Thangka Art- History of Thangka Painting
Thangka, also known as “Pauba” is a Nepalese art form exported to Tibet after Princess Bhrikuti of Nepal, daughter of King Lichchavi, married Songtsan Gampo. At that time, a number of Buddhist manuscripts, including Prajnaparamita, were copied in Kathmandu Valley for various monasteries. The influence of Nepalese art extended till Tibet and even beyond in China in regular order during the 13th century. Nepalese artisans were dispatched to the courts of Chinese emperors at their request to perform their workmanship and impart expert knowledge. The exemplary contribution made by the artisans of Nepal, specially by the Nepalese innovator and architect Balbahu, known by his popular name “Arniko” bear testimony to this fact even today. The ruler of Tibet, Songtsan Gampo imported the images of Aryawalokirteshwar and other Nepalese deities to Tibet. Since then, it has been practiced in Tibet for much more than one thousand years.
The history of Thangka actually dates back to 11th century A.D. once illustration of deities and natural scenes were made. Thangkas are of two types, the Palas which includes the illustration of deities and the Mandala, which shows the mystic diagrams of complex test prescribed patterns of circles and squares with their own specific significance. Later in 11th century, the art of Thangka began to take influences of the west when the famous monk and scholar Rinchen Sangpo brought artist from Kashmir. From the fourteenth century, Thangka returned influences of Chinese art, but until then a distinct style had already been solidified in Tibet. Over time various schools of different styles that have emerged so far remains. All are painted in cotton fabric paints with a base of water stained with organic and mineral pigments with gum set.
From 15th century onwards, brighter colors gradually began to appear in Nepalese Thangka. Because of the growing importance of the Tantric cult, various aspects of Shiva and Shakti were painted in conventional poses. Mahakala, Manjushri, Lokeshwara and other deities were equally popular and so were also frequently represented in Thanka / Thangka paintings of later dates. As Tantrism embodies the ideas of esoteric power, magic forces, and a great variety of symbols, strong emphasis is laid on the female element and sexuality in the paintings of that period.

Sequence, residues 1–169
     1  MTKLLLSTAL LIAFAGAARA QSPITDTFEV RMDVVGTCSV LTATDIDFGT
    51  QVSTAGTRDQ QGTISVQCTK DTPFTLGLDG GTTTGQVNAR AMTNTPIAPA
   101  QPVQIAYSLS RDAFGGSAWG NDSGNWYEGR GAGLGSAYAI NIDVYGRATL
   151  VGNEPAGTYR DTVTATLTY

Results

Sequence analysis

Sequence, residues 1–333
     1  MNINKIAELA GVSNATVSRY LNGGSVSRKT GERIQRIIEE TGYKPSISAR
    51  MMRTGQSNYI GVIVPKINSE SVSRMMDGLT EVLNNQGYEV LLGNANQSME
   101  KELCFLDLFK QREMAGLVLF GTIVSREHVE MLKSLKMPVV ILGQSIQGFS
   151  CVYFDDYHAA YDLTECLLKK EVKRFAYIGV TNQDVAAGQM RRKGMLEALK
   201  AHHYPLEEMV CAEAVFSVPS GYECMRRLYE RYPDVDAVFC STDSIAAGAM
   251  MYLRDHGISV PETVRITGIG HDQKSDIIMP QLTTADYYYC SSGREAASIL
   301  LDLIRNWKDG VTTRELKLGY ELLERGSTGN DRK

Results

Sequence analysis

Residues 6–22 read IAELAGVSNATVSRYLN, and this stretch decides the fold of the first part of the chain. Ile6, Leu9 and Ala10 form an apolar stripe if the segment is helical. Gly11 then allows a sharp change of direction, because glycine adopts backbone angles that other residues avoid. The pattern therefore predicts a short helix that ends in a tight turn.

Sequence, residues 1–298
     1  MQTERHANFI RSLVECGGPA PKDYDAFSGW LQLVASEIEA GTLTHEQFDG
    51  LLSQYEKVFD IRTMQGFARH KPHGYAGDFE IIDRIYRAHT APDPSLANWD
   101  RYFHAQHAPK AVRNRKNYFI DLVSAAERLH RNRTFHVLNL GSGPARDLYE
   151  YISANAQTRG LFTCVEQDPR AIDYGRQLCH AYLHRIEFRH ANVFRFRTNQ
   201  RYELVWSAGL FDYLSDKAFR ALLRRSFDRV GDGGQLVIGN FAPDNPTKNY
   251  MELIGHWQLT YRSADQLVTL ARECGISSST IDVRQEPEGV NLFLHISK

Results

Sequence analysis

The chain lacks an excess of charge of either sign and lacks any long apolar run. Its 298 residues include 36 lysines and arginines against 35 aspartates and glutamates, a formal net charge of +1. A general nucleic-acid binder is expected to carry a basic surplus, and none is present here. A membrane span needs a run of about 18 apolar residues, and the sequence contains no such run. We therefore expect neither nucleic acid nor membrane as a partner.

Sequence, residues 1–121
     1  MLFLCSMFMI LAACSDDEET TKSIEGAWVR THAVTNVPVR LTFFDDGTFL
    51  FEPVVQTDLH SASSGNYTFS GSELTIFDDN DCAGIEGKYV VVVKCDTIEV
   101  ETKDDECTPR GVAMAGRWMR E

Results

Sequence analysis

After realizing the great demand for religious icons in Tibet, Nepalese artists, along with monks and traders, took not only the metal sculptures but also a number of Buddhist manuscripts. To better fulfill the ever – increasing demand Nepalese artists initiated a new type of religious painting on cloth that could be easily rolled up and carried along with them. This type of painting became very popular both in Nepal and Tibet. Early Nepalese Thangkas are simple in design and composition. The main deity, a large figure, occupies the central position while surrounded by smaller figures of lesser divinities.
Its origin can be traced all the way back to the time of Lord Buddha. The main themes of Thangka paintings are religious. During the reign of Dharma King Trisong, Duetsen the Tibetan masters refined there already well developed arts through research and studies of different country’s tradition. Thangka painting’s lining and measurement, costumes, implementations and ornaments are all based on Indian style. The drawing of figures is based on Nepalese style and the background sceneries are based on Chinese style. Thus, the Thangka paintings became a unique and distinctive art.
Thangka have developed in the northern Himalayan regions among the Lamas. Besides Lamas, Gurung and Tamang communities are also producing Thangkas, which provide substantial employment opportunities for many people in the hills. Newari Thangkas (Also known as Paubha) has been the hidden art work in Kathmandu valley from 13th century. This art is well preserved and is exclusively created by some particular painter family who has inherited their art from their forefathers. Some of the artistic religious and historical paintings are also done by the Newars of Kathmandu Valley.